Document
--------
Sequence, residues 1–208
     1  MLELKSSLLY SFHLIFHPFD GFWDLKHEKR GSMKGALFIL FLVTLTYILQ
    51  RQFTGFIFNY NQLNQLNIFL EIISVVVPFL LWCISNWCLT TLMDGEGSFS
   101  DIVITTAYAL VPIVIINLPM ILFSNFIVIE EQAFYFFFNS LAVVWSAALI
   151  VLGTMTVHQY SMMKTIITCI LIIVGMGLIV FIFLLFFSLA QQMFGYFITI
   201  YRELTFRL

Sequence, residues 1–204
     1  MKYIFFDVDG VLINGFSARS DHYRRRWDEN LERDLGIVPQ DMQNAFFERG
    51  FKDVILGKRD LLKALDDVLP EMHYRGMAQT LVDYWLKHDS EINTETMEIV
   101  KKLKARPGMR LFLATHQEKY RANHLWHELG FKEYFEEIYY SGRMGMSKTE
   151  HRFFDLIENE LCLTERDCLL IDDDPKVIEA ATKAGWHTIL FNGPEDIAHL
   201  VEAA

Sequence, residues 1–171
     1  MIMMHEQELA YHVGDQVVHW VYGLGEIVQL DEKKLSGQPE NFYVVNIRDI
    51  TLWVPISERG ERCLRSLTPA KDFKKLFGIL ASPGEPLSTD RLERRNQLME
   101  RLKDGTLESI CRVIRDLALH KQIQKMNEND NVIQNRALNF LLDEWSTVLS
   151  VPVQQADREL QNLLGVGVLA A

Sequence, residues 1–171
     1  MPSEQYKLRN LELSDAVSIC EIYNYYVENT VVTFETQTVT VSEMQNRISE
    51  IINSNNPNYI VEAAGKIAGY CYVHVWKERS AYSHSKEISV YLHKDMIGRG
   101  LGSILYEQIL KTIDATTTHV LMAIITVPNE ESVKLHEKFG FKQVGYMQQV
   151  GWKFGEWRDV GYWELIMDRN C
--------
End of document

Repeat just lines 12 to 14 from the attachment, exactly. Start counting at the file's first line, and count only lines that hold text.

   201  VEAA

Sequence, residues 1–171
     1  MIMMHEQELA YHVGDQVVHW VYGLGEIVQL DEKKLSGQPE NFYVVNIRDI